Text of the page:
The Rise of Digital Constitutionalism in the European Union
International Journal of Constitutional Law, 2020 Forthcoming
28 Pages Posted: 10 Jan 2020 Last revised: 17 Feb 2020
Date Written: 2019
In the last twenty years, the EU policy in the field of digital technologies has shifted from a liberal economic perspective to a constitutional-based approach. The development of digital technologies has not only challenged the protection of individuals’ fundamental rights such as freedom of expression and data protection. Even more importantly, this new technological framework has also empowered transnational corporations operating in the digital environment as hosting providers to perform quasi-public functions in the transnational context. These two drivers have led the Union to enter into a new phase of modern constitutionalism (ie digital constitutionalism). This work analyzes the path (and the reasons) leading the EU policy to move a liberal to a constitutional approach concerning the digital environment in the last thirty years. The primary goal of this article is to describe the characteristics of digital constitutionalism as a new constitutional moment and outline the potential evolution of the EU policy in the global context. This evolution is described by three constitutional phases: digital liberalism, judicial activism and digital constitutionalism. At the end of the last century, the Union adopted a liberal approach. A strict regulation of the online environment would have damaged the growth of the internal market, exactly when new technologies were going to revolutionize the entire society and promising new opportunities for the internal marked. The end of this first season was the result of the emergence of the Nice Charter as a bill of rights and new challenges raised by private actors in the digital environment. In this phase, the ECJ has played a pivotal role in moving the EU standpoint from fundamental freedoms to fundamental rights. This second phase has only anticipated a new season of constitutionalism based on codifying of the ECJ’s case law and limiting online platforms’ powers within the framework of the Digital Single Market. The path of digital constitutionalism is still at the beginning. A fourth phase of EU constitutionalism is around the corner based on the extension of constitutional values beyond EU borders and the expression of a human-centric technological model in a global context.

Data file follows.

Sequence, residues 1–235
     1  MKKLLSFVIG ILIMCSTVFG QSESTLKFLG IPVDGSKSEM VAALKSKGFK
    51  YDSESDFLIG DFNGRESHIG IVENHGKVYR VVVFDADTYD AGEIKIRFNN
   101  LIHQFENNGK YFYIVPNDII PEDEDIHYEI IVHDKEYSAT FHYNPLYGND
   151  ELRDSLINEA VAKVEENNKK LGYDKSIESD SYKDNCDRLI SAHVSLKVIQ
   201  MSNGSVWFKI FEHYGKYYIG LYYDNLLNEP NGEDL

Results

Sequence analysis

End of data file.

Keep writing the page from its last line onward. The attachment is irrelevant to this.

Keywords: Constitutional Law, Digital Constitutionalism, Freedom of Expression, Data Protection, Democracy, Artificial Intelligence
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